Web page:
Name of bone



The rib cage, also known as the thoracic cage, is a bony and cartilaginous structure that surrounds the thoracic cavity and supports the pectoral girdle, forming a core portion of the human skeleton. The typical rib cage consists of 24 ribs, the sternum, costal cartilages, and the 12 thoracic vertebrae. The skin, associated fascia and muscles, and the rib cage make up the thoracic wall, providing attachments for the muscles of the neck, thorax, upper abdomen, and back.

Variations in the number of ribs occur. About 1 in 200 to 500 people have an additional cervical rib, with a female predominance. Intrathoracic supernumerary ribs are extremely rare.

Muscle and ligament attachments

Surface anatomy

All ribs are attached in the back to the thoracic vertebrae:

  • The upper seven true ribs (costae verae, vertebrosternal ribs, I-VII). are attached in the front to the sternum by means of costal cartilage. Due to their elasticity, they allow movement when inhaling and exhaling.
  • The 8th, 9th, and 10th ribs are called false ribs (costae spuriae, vertebrochondral ribs, VIII-X), and join with the costal cartilages of the ribs above.
  • The 11th and 12th ribs are known as floating ribs (costae fluitantes, vertebral ribs, XI-XII), as they do not have any anterior connection to the sternum.

Figure 1. Rib cage

The spaces between the ribs are known as intercostal spaces; they contain the intercostal muscles, nerves, and arteries.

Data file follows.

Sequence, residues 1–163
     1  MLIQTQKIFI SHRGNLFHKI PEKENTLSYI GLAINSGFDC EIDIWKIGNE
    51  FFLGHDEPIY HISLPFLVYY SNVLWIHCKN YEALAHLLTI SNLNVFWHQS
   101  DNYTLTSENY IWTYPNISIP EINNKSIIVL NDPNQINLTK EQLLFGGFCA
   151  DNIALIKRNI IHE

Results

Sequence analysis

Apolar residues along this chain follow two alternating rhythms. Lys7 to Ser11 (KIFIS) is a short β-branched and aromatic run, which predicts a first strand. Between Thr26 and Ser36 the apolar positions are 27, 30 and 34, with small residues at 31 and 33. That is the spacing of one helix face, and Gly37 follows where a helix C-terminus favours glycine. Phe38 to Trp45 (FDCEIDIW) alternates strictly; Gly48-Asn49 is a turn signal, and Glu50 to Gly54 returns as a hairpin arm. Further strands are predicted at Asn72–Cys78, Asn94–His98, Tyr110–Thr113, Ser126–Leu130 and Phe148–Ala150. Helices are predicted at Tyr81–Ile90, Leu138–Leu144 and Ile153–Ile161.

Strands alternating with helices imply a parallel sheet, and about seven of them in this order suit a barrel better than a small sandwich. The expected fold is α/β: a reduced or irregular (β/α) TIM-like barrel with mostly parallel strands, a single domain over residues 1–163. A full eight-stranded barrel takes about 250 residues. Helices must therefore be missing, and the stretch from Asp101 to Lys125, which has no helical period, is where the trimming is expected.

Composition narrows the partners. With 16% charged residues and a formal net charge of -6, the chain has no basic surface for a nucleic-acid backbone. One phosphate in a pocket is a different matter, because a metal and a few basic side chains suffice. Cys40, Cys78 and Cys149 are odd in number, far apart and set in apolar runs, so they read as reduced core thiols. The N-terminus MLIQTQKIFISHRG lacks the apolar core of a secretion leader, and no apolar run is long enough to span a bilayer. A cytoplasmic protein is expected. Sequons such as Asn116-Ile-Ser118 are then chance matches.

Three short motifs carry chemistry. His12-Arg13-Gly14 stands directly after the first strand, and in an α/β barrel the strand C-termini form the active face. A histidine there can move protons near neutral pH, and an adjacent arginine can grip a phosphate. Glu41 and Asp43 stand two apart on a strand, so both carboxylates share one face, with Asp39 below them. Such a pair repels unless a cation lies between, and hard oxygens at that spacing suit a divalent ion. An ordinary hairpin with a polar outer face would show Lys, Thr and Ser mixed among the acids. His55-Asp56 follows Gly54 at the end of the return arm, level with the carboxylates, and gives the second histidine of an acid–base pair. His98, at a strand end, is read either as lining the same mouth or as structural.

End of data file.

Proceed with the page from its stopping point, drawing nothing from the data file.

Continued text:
The parts of the human rib include the following:

  • The head is the end of a rib closest to the vertebral column.
  • The costovertebral joints are the articulations that connect the heads of the ribs to the thoracic vertebrae.
  • The neck is the flattened portion that extends lateralward from the head.
  • The tubercle is an eminence on the posterior surface.
  • The angle is a bending part. 
  • The costal groove is a groove between the ridge of the internal surface of the rib and the inferior border.

Figure 2. Parts of the rib

Atypical Ribs

The atypical ribs are the 1st, 2nd, and 11th to 12th.

  • The 1st rib is a shaft that is wide and nearly horizontal and has the sharpest curve of the seven true ribs. Its head has a single facet to articulate with the first thoracic vertebra (T1). It also has two grooves for the subclavian vessels, which are separated by the scalene tubercle.
  • The 2nd rib is thinner, less curved, and longer than the 1st rib. It has two facets to articulate with T2 and T1, and a tubercle for muscle attachment.
  • The 11th and 12th ribs have only one facet on their head. These ribs are short, with no necks or tubercles, and they terminate in the abdominal wall before fusing with the costal cartilages.


Physical examination



Abnormalities of the rib cage include pectus excavatum (“sunken chest”) and pectus carinatum (“pigeon chest”). Bifid, or bifurcated, ribs, in which the sternal end of the rib is cleaved in two, is a congenital abnormality occurring in about 1.2% of the population. The rib remnant of the 7th cervical vertebra on one or both sides is occasionally replaced by a free extra rib called a cervical rib, which can cause problems in the nerves going to the arm.


Rib fractures are the most common injury to the rib cage, most frequently affecting the middle ribs. Injury to several ribs can result in a flail chest.

Rib removal is the surgical excision of ribs for therapeutic or cosmetic reasons


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